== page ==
Practicing over the holidays has always been difficult for me. I like to keep everyone happy, and during the holidays I just cannot.
I cannot please my patients, my staff, my spouse, my kids, or my parents. Do not even get me started on trying to fit in the family holiday gatherings with my aunts, uncles, cousins, and their kids. Now that I am an adult, I have to choose.
Adulting is hard.
Previously from Dr. Schroeder-Swartz: ODs: Rulers of the Land of Presbyopia
Holidays after graduation
When I was just out of school, life was easy. I had loans to pay back, gifts to purchase, and limited vacation time. I had no choice but to work. My husband was a resident at George Washington Hospital and had no life for four years.
I worked on the weekends, both Saturday and Sunday, to make extra money. Back then, I could work 10 hours Monday through Friday and manage to wake up and work 10 more on Saturday. I could also manage a noon to four shift on Sunday while still fitting in grocery shopping for the next week so my husband and I could eat.
We both had Christmas Day and New Year’s Day off. I have no idea how I got my Christmas gifts purchased, wrapped, and mailed to the proper recipient without losing my mind. Back then, there were less gifts. I had no children.
My sister had no husband and no kids. I had no nieces, no nephews, and my cousins were all working just as much as I was. My mom and dad were happy to not be paying for college anymore and all was right with the world.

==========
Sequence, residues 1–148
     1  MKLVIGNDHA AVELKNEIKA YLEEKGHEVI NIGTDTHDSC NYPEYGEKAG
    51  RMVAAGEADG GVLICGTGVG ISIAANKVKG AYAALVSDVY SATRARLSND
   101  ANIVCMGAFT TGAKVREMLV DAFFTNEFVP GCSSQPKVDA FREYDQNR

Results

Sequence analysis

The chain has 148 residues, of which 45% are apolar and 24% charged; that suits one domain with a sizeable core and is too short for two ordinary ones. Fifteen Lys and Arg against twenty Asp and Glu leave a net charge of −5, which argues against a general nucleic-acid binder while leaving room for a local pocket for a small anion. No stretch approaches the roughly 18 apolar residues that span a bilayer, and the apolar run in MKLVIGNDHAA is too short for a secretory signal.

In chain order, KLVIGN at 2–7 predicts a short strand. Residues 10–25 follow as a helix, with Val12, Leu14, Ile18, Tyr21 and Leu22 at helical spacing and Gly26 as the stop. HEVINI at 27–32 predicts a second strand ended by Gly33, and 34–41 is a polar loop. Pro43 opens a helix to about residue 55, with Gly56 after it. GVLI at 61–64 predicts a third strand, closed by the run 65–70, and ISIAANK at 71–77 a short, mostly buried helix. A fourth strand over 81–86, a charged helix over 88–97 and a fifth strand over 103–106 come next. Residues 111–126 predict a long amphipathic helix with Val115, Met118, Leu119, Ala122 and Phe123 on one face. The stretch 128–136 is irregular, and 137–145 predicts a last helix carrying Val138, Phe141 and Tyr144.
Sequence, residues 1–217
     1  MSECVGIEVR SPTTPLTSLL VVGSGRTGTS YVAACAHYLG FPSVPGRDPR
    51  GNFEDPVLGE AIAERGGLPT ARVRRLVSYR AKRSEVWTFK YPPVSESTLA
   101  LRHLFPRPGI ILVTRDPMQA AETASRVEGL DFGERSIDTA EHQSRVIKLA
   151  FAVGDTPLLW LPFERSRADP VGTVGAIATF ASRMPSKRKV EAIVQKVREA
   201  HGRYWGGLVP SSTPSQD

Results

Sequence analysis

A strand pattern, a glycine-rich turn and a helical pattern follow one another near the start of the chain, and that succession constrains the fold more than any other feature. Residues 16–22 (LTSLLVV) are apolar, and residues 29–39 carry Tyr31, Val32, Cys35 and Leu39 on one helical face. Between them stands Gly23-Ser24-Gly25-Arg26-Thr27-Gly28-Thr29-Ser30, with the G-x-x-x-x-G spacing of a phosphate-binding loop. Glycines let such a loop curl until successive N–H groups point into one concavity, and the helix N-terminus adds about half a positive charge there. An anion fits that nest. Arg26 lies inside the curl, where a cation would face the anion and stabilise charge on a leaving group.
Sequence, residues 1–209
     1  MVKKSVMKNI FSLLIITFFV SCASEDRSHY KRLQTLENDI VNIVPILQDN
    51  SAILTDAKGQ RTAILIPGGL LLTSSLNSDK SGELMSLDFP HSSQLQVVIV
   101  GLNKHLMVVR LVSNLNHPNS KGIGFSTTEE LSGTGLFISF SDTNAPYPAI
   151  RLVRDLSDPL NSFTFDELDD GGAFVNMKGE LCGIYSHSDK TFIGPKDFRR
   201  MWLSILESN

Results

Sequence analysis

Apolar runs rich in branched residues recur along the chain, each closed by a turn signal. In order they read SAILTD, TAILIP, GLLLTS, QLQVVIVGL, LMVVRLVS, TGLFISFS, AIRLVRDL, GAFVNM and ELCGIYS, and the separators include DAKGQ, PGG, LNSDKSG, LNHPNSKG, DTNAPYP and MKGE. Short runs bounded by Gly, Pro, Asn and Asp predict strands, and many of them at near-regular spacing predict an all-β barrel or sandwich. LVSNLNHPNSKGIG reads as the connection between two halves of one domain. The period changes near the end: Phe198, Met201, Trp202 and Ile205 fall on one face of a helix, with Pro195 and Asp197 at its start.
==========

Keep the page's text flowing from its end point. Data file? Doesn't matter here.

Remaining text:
Most importantly, back then I was able to make extra bonuses for working the holiday. I worked for anyone who did not want to and was willing to pay extra to get vacation time during the holiday.
When you are young (and spry), you can work for six hours with no food or water on four hours of sleep. You can stand all day in heels, smile, and sell extra pairs all day long because you love to get those big holiday paychecks. It was worth it.
Holidays with a family
Jump forward a few years to when my husband and I started a family. Families make adulting extremely stressful. Now, I had to fit in time for my patients, my office staff, my parents, my in-laws, my children, my sister, and her family.
I had to forget about the Schroeders back in Wisconsin who I now see only in the summer. Because I thought my patients could not possibly live without seeing me for glasses on their vision plan before their benefits ran out on December 31, I worked most of the week between Christmas and New Year’s Day. Thankfully, my toddlers did not miss me, or at least they did not voice their opinions.